the place might have been a pretty good place to stay at. Now it was
just a dark parking lot leading to a set of convenient chambers that a
person could use to do things they didn't want anyone to know about.

Most importantly the Stardust was the first motel coming in from
Sunset Depot. My guess was that Jenny wouldn't have bothered shopping
around much if she needed a place to stay. She would have stopped at the
first cheap place she came to.

The young kid in the office was reading a newspaper as I came in. He
put it down rather reluctantly onto his desk and came up to the counter.

"Need a room?" he said. I suddenly got the idea that he spent most of
his time saying that, that he could probably get by just fine only being
able to say those two words. At that point I wasn't in any mood to fool
around and take the subtle approach. I pulled out the photograph of
Jenny and banged it down on the counter.

"You seen this girl? Like maybe four nights ago?"

He looked down at the picture for a second, then back up.

"Sorry, haven't seen her."

Crap, I thought. Maybe he was telling the truth and maybe he wasn't.
But there was one pretty good way to find out real quick. I pulled out my
Smith and Wesson and banged that down on the counter too.

"Don't screw with me. 'Cause otherwise I'm going to come back behind the
counter and hit you with that a couple of times. Good and hard."

"Okay okay, she was in, mister" the kid shouted, throwing up his hands.

"When was she in?" I asked, relieved that the bluff had worked.

"A few days ago. Four days ago, like you said."

"Is that right?" I said. I wasn't sure at that point that he wasn't
just telling me what I wanted to hear. Which would have been worse than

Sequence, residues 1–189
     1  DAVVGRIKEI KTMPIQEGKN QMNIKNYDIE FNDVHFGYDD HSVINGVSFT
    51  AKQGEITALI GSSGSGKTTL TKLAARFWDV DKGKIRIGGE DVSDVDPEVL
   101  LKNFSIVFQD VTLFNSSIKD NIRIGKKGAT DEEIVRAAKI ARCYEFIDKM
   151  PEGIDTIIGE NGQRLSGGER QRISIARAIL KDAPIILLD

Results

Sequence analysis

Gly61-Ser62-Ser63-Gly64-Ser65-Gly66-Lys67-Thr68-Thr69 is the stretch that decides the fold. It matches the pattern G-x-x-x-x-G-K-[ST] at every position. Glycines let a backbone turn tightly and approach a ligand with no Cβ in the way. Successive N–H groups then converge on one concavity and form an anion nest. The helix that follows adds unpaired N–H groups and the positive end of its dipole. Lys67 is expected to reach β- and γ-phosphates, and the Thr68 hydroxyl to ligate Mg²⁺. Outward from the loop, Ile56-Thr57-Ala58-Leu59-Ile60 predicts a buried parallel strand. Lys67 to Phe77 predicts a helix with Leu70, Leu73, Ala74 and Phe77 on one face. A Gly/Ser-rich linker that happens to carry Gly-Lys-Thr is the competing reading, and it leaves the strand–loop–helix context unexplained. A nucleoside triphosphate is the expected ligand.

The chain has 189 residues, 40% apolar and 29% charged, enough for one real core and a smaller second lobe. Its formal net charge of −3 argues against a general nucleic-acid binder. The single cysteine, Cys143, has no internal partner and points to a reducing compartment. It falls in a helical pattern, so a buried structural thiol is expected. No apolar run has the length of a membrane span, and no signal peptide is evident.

telling me nothing.

"What was she wearing?"


"I said what was she wearing?" I picked the .38 off the counter a few
inches and slammed it back down again to emphasize the question a bit.

"Uh, something pink. A pink dress, I think. Yeah."

"Now we're getting somewhere. Was she by herself or was she with

"She was by herself."

"You sure about that? 'Cause a guy told me that she got a ride in.
And that she didn't have any money, either."

"She had money. She paid for the room. There was a guy, I think I saw
her drive in with somebody. I heard the sound of a car engine and I
thought a customer was gonna come in so I walked up to the counter. But
the car was just parked out there for a while. So I went over and sat
down again and a minute later this girl comes in. She didn't look so

He looked down at the photo again.

"She looks real pretty here."

"She was pretty" I shouted, the anger flaring up again. I had to stop
a few seconds after that to settle myself down a bit. "What room did she
stay in?"

"Number 24."

"Give me the key to it."

He looked at me for a second as if he was about to argue, but then went
over and got the key.

"When did she check out of here?"

"The next morning."

"Did you talk with her at all?"

"Naw, not really. She came in the next morning and brought the key.